Alpert also includes engagement as a component of happiness.
“Experience life!” he exclaims.
“Value experiences because they’re much more likely to lead to happiness than possessions ever could.” He advises those seeking bliss to go out and experience life’s full bounty, from taking trips to meeting people and trying new foods to learning new things.
Development allows us to learn and grow, a process that’s essential to overall satisfaction.
Dr. Wilk says happiness isn’t about bliss; it’s about growth. The idea of happiness as an end goal leads to emptiness, but true happiness can be found in constantly challenging yourself.
“It’s not worth the effort to define happiness,” he says, adding that the search will always leave you unsatisfied. “People should look for growth, meaning, development, and purpose instead,” he says.
Ironically, when you stop worrying about happiness and focus on growth and development, you’ll find what you truly seek.
“Learning to meet life’s challenges is a great source of happiness,” Dr. Wilk explains.
Your feelings about yourself make a massive difference in your satisfaction with life.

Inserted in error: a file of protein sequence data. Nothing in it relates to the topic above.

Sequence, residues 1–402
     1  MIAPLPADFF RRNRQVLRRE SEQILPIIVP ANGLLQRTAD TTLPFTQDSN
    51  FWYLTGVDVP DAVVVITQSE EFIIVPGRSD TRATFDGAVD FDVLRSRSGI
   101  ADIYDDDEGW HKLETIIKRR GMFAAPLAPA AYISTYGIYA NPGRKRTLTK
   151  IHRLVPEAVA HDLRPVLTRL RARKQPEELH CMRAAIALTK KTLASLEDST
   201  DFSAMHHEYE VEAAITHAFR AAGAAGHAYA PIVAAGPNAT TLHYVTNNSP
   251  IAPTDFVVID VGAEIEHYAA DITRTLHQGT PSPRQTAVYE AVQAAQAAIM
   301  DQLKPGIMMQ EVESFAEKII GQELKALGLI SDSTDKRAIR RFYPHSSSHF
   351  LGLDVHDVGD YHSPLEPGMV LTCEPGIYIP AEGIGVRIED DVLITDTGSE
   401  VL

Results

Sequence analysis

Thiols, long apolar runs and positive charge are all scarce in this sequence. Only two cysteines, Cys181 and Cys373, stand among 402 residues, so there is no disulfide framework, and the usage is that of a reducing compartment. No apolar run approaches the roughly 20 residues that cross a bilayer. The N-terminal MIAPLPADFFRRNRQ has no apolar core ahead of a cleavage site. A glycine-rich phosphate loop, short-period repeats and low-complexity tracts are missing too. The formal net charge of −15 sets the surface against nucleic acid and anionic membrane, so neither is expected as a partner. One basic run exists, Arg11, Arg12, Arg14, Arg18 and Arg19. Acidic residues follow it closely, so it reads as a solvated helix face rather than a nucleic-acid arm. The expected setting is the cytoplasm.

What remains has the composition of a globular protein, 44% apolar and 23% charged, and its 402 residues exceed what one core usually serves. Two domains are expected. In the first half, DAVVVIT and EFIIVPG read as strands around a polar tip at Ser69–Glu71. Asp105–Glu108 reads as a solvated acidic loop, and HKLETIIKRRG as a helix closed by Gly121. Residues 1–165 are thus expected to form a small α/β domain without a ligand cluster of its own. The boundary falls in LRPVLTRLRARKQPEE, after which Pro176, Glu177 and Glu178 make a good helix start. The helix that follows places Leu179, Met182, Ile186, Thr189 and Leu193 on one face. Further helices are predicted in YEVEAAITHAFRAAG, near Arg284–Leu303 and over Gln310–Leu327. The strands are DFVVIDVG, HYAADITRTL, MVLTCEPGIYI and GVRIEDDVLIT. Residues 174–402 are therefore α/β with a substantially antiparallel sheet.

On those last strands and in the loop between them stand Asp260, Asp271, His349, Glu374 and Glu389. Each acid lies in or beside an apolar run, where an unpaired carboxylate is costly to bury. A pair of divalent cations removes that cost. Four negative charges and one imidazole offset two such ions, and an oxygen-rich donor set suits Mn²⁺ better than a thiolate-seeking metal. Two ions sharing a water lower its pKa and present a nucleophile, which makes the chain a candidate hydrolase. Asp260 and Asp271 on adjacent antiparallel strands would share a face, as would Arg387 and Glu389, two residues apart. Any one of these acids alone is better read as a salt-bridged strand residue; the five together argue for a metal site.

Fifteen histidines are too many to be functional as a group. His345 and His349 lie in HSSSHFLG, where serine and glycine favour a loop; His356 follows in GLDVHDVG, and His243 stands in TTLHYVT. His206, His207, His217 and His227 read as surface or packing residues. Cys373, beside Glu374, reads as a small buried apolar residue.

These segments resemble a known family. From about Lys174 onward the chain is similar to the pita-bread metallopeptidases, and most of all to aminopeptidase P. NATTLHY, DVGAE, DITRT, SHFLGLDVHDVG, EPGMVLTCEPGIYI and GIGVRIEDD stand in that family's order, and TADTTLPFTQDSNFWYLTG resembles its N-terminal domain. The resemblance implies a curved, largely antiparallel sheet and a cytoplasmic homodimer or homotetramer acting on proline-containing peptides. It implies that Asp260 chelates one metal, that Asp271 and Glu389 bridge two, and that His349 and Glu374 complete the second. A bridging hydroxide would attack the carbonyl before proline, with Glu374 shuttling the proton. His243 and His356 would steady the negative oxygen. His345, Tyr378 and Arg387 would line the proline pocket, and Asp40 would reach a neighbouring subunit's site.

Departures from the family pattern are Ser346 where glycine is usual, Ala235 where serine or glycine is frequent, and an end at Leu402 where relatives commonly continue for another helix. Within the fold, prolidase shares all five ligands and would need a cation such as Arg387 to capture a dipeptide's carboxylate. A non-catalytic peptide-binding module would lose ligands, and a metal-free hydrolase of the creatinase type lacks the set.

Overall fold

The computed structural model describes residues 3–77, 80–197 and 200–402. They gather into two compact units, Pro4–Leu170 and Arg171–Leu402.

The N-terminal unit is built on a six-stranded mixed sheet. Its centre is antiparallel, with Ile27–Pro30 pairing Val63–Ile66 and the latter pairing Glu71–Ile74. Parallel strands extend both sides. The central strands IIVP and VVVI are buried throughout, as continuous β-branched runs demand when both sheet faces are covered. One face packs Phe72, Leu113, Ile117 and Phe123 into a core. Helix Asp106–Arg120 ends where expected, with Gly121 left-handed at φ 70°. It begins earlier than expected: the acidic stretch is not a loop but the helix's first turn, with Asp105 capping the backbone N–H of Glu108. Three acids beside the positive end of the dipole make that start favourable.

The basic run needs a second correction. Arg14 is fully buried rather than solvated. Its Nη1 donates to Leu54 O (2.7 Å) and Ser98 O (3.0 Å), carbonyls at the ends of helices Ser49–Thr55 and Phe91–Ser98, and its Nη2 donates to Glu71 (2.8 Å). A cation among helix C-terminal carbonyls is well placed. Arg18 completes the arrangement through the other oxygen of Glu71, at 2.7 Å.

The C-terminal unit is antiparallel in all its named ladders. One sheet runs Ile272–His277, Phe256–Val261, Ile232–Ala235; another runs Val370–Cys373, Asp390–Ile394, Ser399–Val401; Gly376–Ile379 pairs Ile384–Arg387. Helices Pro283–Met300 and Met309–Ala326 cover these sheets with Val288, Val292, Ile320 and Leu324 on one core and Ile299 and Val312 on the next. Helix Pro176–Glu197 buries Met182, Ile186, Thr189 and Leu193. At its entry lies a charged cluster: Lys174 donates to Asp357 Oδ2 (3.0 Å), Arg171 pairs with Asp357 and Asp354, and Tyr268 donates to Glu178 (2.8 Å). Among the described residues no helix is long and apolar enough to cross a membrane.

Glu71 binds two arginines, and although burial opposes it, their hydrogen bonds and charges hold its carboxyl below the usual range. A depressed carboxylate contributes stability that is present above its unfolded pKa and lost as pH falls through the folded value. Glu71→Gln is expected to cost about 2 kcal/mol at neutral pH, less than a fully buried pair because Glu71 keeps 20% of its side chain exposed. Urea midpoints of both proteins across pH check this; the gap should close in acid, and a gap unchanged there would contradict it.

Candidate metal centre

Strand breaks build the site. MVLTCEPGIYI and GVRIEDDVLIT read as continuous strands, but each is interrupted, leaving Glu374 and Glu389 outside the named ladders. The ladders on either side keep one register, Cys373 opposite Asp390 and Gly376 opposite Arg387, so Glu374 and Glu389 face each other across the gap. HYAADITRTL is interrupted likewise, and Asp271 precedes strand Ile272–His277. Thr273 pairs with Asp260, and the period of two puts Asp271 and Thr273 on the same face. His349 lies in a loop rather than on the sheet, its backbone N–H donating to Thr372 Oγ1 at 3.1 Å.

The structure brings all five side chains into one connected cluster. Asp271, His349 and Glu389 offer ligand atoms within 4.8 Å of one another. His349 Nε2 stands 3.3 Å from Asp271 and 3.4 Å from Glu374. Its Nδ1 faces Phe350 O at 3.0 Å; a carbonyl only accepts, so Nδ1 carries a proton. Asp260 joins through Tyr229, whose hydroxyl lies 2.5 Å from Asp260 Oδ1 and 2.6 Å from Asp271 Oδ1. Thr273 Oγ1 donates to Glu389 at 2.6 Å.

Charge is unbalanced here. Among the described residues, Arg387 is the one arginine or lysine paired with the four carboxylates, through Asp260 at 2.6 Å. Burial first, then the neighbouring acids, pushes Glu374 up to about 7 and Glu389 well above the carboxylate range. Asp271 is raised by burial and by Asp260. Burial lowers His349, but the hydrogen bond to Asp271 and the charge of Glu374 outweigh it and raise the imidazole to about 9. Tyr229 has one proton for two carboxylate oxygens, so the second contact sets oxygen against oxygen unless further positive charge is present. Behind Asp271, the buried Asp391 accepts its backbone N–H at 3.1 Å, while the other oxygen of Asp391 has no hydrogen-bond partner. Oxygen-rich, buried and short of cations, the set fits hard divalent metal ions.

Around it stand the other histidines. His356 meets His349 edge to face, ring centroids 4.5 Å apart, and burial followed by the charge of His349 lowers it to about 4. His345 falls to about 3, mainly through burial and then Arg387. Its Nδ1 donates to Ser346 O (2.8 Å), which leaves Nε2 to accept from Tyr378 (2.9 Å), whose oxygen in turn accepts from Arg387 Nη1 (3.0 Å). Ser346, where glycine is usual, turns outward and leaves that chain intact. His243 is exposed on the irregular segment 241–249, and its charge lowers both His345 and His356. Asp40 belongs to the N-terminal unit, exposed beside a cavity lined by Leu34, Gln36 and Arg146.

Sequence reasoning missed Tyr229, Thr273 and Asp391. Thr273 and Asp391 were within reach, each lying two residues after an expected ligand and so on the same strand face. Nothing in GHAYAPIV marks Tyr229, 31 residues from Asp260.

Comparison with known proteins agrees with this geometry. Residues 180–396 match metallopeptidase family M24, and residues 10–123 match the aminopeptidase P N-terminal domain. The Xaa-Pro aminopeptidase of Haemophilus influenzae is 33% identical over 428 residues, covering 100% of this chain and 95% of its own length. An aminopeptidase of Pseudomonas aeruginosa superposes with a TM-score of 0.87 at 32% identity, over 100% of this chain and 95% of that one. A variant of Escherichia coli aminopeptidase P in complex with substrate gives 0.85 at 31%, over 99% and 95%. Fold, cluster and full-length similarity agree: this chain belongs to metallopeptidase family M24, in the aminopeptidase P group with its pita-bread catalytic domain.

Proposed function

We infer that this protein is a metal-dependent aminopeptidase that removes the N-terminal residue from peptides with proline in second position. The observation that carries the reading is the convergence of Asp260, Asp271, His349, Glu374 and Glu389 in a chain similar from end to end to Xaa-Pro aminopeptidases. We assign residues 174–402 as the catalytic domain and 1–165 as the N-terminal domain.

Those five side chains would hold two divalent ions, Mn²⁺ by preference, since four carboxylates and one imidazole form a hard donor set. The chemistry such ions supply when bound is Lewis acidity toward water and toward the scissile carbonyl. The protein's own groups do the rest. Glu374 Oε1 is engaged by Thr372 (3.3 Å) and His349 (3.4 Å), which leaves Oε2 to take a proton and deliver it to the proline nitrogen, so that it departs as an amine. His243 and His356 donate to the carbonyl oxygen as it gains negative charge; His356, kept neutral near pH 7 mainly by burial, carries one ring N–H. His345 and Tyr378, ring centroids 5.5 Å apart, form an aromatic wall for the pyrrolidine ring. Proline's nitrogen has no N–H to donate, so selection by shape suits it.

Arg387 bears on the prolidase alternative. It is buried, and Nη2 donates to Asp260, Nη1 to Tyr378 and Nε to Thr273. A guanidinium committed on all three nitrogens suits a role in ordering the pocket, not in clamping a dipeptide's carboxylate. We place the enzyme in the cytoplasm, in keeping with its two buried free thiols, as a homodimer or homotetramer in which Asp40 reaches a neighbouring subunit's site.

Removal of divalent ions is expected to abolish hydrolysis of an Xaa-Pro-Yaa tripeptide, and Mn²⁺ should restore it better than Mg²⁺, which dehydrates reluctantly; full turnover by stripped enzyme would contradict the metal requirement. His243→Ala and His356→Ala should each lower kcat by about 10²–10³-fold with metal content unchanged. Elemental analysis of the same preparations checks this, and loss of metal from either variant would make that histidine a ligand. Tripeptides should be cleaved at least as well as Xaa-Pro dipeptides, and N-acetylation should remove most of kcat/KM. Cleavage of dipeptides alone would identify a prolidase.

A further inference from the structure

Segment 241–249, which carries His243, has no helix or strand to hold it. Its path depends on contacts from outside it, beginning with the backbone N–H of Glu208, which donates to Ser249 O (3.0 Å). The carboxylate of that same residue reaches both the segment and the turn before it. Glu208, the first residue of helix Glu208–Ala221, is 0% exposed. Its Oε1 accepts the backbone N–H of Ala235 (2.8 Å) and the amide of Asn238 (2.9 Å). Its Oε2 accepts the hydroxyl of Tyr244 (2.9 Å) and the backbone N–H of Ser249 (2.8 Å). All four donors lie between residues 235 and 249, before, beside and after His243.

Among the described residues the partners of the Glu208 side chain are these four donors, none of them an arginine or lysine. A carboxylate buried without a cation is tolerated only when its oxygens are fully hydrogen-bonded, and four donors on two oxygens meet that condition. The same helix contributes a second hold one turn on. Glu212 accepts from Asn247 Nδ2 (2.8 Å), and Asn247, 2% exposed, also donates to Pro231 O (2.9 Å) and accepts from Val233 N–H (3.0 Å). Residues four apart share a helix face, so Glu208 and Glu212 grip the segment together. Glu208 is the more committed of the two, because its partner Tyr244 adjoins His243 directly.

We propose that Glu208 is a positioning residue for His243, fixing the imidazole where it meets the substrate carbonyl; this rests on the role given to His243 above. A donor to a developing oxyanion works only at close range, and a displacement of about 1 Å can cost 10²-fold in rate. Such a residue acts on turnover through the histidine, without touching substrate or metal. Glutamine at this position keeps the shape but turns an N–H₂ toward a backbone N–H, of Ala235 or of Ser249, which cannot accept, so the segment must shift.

Dr. Galzier says focusing on how you talk to yourself and care for yourself is paramount to happiness. “Simple practices like keeping a gratitude journal or doing small acts of self-kindness each day can help.”
He stresses patience. “True happiness is a lifelong endeavor with ups and downs,” he says, but reveals that the internal foundation of self-love can help us weather those inevitable external storms.
“We have the power to interrupt unhealthy patterns and create new neural pathways with insight, compassion, and time,” he says.
People thrive when they belong to communities.
Dr. Stokes says people with healthy support networks are better at staying positive while coping with stress and facing life’s challenges.
“A landmark TIME magazine poll showed 76% of participants reported friends and family as their major sources of happiness, and 63% sought out friends and family to deal with stress,” she reported, emphasizing connection’s vital role in happiness.
Humanity’s ultimate goal is to find meaning, both in the great beyond and in their personal lives.
The quest for meaning becomes paramount when you have all the other components of a happy life.
“Life with purpose is considered a fundamental right of passage into the land of lasting happiness and personal fulfillment,” declares Dr. Stokes.